We reserve the right to torture you as we see fit ...

From the Boston Globe:


Bush could bypass new torture ban

Waiver right is reserved
When President Bush last week signed the bill outlawing the torture of detainees, he quietly reserved the right to bypass the law under his powers as commander in chief.
After approving the bill last Friday, Bush issued a ''signing statement" -- an official document in which a president lays out his interpretation of a new law -- declaring that he will view the interrogation limits in the context of his broader powers to protect national security. This means Bush believes he can waive the restrictions, the White House and legal specialists said.
''The executive branch shall construe [the law] in a manner consistent with the constitutional authority of the President . . . as Commander in Chief," Bush wrote, adding that this approach ''will assist in achieving the shared objective of the Congress and the President . . . of protecting the American people from further terrorist attacks."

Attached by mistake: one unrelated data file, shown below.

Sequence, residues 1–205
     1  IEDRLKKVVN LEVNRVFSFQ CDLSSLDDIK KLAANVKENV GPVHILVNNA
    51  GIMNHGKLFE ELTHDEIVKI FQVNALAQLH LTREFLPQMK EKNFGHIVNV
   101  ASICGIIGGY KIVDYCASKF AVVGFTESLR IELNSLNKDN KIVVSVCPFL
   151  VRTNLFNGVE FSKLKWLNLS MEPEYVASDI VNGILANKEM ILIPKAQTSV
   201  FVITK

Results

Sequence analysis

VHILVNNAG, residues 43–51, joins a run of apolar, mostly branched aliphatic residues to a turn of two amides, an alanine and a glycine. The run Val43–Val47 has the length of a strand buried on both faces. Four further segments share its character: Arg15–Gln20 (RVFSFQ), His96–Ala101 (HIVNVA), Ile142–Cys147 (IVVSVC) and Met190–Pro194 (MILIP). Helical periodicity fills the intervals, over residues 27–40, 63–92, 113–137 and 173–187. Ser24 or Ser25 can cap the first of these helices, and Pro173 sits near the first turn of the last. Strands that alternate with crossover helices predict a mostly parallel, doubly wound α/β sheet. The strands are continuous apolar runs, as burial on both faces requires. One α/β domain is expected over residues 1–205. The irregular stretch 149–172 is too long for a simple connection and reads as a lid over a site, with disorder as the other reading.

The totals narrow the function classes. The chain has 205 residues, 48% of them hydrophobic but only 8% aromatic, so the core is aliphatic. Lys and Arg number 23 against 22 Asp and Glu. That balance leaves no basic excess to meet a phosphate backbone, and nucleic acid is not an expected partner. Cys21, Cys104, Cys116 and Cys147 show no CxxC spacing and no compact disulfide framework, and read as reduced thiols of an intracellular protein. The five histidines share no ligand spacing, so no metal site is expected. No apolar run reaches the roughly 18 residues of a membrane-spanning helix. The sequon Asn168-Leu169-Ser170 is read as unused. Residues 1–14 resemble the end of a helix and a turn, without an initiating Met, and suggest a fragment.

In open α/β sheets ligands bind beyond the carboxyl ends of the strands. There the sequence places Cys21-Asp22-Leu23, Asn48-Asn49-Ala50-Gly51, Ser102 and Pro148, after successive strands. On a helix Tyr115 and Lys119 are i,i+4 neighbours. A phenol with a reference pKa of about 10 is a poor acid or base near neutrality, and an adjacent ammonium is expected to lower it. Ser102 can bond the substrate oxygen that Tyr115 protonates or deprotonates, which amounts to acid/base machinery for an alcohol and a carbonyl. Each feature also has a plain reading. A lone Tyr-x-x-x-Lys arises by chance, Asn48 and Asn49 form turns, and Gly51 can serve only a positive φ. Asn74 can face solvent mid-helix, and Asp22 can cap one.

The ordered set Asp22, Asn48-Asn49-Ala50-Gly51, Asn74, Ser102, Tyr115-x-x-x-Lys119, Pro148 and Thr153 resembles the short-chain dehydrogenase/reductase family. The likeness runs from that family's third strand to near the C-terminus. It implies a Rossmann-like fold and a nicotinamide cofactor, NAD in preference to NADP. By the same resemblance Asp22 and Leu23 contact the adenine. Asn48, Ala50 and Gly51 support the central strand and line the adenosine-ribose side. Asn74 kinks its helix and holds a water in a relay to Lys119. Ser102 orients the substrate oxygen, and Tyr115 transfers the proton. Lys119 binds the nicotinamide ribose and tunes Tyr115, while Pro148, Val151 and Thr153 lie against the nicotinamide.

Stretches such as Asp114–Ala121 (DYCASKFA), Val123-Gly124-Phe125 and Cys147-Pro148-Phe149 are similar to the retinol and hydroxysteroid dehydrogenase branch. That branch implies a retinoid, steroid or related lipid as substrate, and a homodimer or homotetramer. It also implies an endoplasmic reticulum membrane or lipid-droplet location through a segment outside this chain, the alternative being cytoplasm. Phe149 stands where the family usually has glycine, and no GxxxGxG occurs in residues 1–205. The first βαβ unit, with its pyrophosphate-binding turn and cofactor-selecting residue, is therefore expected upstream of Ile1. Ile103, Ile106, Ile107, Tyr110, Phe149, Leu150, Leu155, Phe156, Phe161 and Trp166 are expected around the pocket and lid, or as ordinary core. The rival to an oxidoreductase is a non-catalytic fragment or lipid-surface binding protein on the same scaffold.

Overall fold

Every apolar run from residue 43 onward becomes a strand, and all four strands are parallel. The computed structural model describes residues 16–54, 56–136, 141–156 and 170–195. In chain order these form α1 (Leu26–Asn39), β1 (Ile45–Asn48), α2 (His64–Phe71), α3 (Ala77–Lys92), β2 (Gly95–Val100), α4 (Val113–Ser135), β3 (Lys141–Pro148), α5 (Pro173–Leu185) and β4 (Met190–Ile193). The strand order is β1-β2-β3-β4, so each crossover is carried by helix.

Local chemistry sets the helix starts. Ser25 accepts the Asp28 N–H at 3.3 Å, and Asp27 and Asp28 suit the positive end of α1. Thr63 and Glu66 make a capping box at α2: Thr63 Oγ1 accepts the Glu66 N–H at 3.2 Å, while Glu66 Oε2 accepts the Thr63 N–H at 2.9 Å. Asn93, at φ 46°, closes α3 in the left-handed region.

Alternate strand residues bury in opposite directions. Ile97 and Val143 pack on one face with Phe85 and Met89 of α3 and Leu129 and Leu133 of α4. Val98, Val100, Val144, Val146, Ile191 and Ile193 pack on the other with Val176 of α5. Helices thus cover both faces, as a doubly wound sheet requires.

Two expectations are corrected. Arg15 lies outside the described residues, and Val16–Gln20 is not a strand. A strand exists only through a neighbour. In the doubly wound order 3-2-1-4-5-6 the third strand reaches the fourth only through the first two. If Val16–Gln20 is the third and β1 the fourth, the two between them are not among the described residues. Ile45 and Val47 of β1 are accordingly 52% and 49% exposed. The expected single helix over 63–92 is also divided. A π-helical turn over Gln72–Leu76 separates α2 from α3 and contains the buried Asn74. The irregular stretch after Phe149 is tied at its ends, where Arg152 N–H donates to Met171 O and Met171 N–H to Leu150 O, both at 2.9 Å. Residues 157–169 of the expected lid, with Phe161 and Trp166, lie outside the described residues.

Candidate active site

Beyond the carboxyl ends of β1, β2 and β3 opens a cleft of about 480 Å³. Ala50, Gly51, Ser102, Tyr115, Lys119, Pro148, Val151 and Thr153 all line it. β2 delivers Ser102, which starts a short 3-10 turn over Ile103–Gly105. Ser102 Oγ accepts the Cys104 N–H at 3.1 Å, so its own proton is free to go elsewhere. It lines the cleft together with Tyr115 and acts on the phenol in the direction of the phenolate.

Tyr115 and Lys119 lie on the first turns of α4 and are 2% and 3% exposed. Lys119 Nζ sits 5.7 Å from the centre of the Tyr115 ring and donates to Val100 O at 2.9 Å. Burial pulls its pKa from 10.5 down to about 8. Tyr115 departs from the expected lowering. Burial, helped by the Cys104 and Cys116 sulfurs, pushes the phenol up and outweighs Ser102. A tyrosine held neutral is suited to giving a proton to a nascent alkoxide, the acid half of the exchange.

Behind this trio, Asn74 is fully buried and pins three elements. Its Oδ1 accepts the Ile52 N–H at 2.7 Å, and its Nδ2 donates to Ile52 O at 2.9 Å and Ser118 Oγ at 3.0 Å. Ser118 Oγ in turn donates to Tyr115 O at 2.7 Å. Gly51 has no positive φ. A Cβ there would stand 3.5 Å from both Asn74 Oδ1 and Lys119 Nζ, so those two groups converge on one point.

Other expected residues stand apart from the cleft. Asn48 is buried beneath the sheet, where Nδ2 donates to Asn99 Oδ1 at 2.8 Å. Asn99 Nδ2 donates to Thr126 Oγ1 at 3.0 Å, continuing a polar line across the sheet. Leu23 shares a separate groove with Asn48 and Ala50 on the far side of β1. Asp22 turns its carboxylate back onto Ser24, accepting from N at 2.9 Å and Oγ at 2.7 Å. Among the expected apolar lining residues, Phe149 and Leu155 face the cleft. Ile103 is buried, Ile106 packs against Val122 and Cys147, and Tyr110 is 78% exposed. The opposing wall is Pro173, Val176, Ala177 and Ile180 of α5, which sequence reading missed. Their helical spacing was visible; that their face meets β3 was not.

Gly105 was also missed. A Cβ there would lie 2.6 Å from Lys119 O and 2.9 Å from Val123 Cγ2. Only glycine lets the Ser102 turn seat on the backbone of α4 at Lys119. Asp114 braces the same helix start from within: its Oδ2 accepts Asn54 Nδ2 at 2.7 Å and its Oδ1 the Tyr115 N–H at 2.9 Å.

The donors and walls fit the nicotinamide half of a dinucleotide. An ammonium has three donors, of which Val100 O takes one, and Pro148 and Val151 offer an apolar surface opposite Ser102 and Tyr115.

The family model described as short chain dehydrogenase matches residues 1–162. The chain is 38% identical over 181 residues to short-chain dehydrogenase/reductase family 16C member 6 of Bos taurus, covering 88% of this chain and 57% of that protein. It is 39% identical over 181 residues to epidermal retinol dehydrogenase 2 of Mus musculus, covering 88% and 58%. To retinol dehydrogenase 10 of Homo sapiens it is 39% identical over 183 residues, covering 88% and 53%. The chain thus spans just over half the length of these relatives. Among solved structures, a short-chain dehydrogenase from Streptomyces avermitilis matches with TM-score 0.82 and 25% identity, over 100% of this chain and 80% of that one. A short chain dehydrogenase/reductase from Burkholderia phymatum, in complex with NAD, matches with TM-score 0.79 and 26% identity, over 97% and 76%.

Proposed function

Some legal specialists said yesterday that the president's signing statement, which was posted on the White House website but had gone unnoticed over the New Year's weekend, raises serious questions about whether he intends to follow the law.
A senior administration official, who spoke to a Globe reporter about the statement on condition of anonymity because he is not an official spokesman, said the president intended to reserve the right to use harsher methods in special situations involving national security.
There's nothing in the world that will make this administration simply renounce torture, as all civilized societies have done long ago. And we, the American people, will carry the stain that these cowardly maniacs and their existential battle against the Arab world have brought upon us for generations to come.

[Via Cenk Uygur]

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